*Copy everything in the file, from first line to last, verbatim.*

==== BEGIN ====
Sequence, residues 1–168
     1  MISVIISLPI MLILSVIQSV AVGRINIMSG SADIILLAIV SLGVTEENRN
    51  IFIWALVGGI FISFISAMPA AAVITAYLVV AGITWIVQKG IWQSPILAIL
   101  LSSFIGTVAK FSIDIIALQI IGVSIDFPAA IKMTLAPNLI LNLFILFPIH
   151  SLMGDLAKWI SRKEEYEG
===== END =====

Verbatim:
Sequence, residues 1–168
     1  MISVIISLPI MLILSVIQSV AVGRINIMSG SADIILLAIV SLGVTEENRN
    51  IFIWALVGGI FISFISAMPA AAVITAYLVV AGITWIVQKG IWQSPILAIL
   101  LSSFIGTVAK FSIDIIALQI IGVSIDFPAA IKMTLAPNLI LNLFILFPIH
   151  SLMGDLAKWI SRKEEYEG